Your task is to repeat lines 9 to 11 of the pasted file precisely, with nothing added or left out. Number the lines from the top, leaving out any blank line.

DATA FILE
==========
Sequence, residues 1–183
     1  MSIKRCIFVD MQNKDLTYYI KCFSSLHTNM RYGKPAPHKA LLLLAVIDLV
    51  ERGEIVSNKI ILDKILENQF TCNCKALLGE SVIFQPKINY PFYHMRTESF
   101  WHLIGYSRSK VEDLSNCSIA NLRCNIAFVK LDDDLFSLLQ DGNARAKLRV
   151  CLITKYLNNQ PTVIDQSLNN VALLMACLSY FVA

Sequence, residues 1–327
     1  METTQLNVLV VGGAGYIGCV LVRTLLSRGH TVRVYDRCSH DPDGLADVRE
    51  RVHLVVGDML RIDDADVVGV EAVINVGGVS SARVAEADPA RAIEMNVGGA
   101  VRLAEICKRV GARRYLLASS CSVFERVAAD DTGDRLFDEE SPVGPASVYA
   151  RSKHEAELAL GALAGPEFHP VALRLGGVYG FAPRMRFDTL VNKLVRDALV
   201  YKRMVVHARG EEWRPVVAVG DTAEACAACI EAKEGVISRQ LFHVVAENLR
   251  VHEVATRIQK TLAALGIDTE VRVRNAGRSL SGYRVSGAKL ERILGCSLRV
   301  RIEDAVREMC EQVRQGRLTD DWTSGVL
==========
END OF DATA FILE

   101  VRLAEICKRV GARRYLLASS CSVFERVAAD DTGDRLFDEE SPVGPASVYA
   151  RSKHEAELAL GALAGPEFHP VALRLGGVYG FAPRMRFDTL VNKLVRDALV
   201  YKRMVVHARG EEWRPVVAVG DTAEACAACI EAKEGVISRQ LFHVVAENLR